Stuart Harris, PDR
While today’s newspaper operations have evolved into multifaceted media companies with an ever-growing digital presence, many workplaces remain mired in settings more suited for bulky desks and typewriters.

When the print edition was the only product newspapers offered, workplace design wasn’t a top priority. Every reporter and editor had a desk, sometimes on different floors, while the publisher and other executives were tucked away in private, secluded offices, and back-office functions were set up everywhere in between.

The workflow? Well, it “just happened.”

Today, many media companies are fighting for survival by seeking new ways to reinvent themselves and remain relevant. Newspapers are now multimedia companies, and the print edition is just one outlet. This more dynamic business model needs a more dynamic environment. The values of teamwork and collaboration, proven to increase efficiency and attract top talent, are gaining traction as media companies evaluate how the workplace can help them succeed as a digital media business.

Consider new workplace settings found in non-media environments. Gone are the days of isolating people and their intellectual capital in private offices. Instead, leading businesses have come to realize the value of getting people out of their office and organized in a collaborative environment where they have greater access to information and an easier path to share knowledge, develop solutions, and respond to time-sensitive matters. These environments integrate technology and multimedia tools to enhance the work process and collaboration.

Essential to establishing a collaborative setting is the concept of magnetism — using the embodied energy of the workplace to draw people together and amplify the work product.

A magnet can be a refreshment center or coffee bar, a casual work setting or team space, a touchdown area, or a community zone. But there are also some less obvious forms of magnets. An area equipped with specialized technology can serve as a magnet, and even someone with a specific expertise or deep knowledge base can magnetize people to a single place. The key is understanding where the energy is, where the work happens, and where people naturally come together to exchange thoughts and ideas.

Take for example a media company located in the Midwest that, after decades, is moving to a new headquarters designed for a mobile, digital workforce with a variety of work settings for individual and collaborative work. Designed by Planning Design Research, the new workplace will create a team environment that helps the work flow from one team or individual to the next.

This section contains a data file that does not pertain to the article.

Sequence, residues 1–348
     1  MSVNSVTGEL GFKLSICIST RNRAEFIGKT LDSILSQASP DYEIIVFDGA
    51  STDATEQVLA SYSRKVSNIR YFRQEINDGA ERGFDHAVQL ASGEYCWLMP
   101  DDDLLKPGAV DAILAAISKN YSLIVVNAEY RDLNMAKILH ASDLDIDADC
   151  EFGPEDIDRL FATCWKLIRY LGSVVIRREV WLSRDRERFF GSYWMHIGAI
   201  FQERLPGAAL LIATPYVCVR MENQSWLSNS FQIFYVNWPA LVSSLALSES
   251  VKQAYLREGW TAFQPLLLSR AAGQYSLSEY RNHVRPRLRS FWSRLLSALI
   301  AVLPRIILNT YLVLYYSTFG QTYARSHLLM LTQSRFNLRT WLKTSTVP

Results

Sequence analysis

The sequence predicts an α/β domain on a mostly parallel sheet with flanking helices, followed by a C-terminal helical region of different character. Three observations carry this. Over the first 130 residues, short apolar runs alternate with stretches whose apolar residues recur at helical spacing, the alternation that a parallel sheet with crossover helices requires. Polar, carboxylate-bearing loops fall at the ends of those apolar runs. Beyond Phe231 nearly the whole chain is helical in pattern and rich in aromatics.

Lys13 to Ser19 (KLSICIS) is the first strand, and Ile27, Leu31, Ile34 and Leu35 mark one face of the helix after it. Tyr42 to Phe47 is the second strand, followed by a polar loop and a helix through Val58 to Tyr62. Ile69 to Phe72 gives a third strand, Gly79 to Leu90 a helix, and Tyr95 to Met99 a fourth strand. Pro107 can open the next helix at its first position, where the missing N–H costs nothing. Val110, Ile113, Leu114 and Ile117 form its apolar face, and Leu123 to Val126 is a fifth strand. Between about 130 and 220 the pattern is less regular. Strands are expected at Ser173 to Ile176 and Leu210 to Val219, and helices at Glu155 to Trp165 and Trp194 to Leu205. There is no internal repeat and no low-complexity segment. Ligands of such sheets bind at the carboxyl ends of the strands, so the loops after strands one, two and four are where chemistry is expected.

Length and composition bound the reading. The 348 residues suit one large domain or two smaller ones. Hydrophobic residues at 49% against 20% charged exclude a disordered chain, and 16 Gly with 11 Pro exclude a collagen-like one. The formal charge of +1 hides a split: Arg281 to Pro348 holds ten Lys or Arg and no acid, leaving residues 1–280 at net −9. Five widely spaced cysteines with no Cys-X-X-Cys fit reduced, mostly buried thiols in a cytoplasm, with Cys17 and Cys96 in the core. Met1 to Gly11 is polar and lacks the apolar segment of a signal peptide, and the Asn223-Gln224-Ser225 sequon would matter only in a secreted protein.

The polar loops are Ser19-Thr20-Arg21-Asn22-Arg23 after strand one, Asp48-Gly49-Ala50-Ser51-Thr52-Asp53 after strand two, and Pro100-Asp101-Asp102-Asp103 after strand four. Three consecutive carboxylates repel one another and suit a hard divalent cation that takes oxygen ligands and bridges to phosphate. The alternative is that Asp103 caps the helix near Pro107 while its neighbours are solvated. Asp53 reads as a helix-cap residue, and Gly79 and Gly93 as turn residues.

Collaborative space where reporters can come together will be placed in the middle of the newsroom, surrounded by rings of space for more focused work where reporters can isolate themselves while still being part of the newsroom activity. At the nucleus, an information control center with a large meeting table will reside in the open, surrounded by newsroom staff and enhanced with data display technology to provide workers with updates on assignments, deadlines, and feeds to other news sources.

Hoteling and hot-desking, the practices of providing space to employees on an as-needed basis rather than assigning a single desk to each individual, will be utilized by staff members who spend more time in the field than the newsroom. These seats are embedded in the newsroom so when mobile workers are present, they are fully integrated into the team and workflow.

The newsroom will also be designed to accommodate press conferences and visits by dignitaries such as presidential candidates and other high-level spokespeople. The improved look and feel will offer a cleaner, more sophisticated setting for videos produced for television and the Web.

At this particular media company, the entire workforce will now be located on one single floor, fully connected rather than split across a dozen small and segregated levels. Coffee stations, community spaces, and other magnets will be used to bring people together from different groups in a way that fosters collaboration, cross-talk between departments, and greater appreciation for one another’s contributions. Even the publisher’s office will be located in a highly visible place adjacent to the newsroom, thereby reinforcing the publisher’s goal to be more connected to the workforce.

The media industry is changing and so too must the workplace that houses its work. A media company can have a dynamic, high-performance workplace, provided that management is dedicated to a new way of thinking about the way work gets done.

Stuart Harris,, is a principal with PDR (, a workplace design firm that creates high-performance work environments for organizations of all sizes.


not good

Fred | Monday, January 21, 2013

Sounds like this company has no clue on how to treat their employees. Disheartening!


Mabel | Monday, January 21, 2013

sounds demoralizing to me.

And the little guys?

Susan | Monday, January 21, 2013

What about the smaller independents that don't have the money to invest like it was recommended? We get left in the workplace update dust... NO. We work around it and through it and over it... and don't care if presidential candidates are comfy or not. They aren't there to be impressed. They are there to be IMPRESSIVE...
Oh for that perfect world as described. Sigh... and if you have any leftover flying cars, we'll take them!!!


Rex | Monday, January 21, 2013

And we will all get to work in flying cars.

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